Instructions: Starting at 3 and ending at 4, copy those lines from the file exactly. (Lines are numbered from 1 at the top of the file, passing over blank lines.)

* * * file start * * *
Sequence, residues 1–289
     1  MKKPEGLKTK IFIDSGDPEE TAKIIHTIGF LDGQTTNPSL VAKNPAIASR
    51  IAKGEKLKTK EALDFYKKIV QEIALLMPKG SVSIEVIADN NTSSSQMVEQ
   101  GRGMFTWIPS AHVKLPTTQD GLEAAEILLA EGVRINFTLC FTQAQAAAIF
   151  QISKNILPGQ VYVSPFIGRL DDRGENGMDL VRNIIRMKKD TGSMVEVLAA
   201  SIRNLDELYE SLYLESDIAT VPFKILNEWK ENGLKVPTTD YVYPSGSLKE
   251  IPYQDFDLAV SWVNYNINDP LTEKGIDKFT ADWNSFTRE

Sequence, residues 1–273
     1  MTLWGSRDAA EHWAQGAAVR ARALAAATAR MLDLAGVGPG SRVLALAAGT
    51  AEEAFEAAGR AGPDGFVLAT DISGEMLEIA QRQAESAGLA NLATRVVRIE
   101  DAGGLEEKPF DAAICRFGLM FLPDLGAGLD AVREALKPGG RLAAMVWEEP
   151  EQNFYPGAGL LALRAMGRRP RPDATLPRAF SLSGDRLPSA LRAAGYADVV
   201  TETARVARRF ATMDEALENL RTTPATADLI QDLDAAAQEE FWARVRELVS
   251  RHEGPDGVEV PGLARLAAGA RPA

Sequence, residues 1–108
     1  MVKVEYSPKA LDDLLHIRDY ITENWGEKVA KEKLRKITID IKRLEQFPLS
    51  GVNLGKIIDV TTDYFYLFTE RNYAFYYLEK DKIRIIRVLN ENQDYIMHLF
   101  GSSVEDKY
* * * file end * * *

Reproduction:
    51  IAKGEKLKTK EALDFYKKIV QEIALLMPKG SVSIEVIADN NTSSSQMVEQ
   101  GRGMFTWIPS AHVKLPTTQD GLEAAEILLA EGVRINFTLC FTQAQAAAIF